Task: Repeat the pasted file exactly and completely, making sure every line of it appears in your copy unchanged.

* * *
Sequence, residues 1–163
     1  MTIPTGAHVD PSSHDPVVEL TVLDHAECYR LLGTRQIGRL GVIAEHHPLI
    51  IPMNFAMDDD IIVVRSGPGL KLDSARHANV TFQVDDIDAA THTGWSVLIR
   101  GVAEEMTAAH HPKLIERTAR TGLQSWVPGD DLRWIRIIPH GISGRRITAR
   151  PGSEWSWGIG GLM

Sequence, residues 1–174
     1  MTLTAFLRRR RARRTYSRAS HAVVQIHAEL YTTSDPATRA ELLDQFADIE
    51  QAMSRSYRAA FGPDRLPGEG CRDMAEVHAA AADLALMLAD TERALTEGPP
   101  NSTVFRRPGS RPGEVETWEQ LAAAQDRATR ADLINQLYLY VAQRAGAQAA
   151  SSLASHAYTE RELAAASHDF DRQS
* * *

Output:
Sequence, residues 1–163
     1  MTIPTGAHVD PSSHDPVVEL TVLDHAECYR LLGTRQIGRL GVIAEHHPLI
    51  IPMNFAMDDD IIVVRSGPGL KLDSARHANV TFQVDDIDAA THTGWSVLIR
   101  GVAEEMTAAH HPKLIERTAR TGLQSWVPGD DLRWIRIIPH GISGRRITAR
   151  PGSEWSWGIG GLM

Sequence, residues 1–174
     1  MTLTAFLRRR RARRTYSRAS HAVVQIHAEL YTTSDPATRA ELLDQFADIE
    51  QAMSRSYRAA FGPDRLPGEG CRDMAEVHAA AADLALMLAD TERALTEGPP
   101  NSTVFRRPGS RPGEVETWEQ LAAAQDRATR ADLINQLYLY VAQRAGAQAA
   151  SSLASHAYTE RELAAASHDF DRQS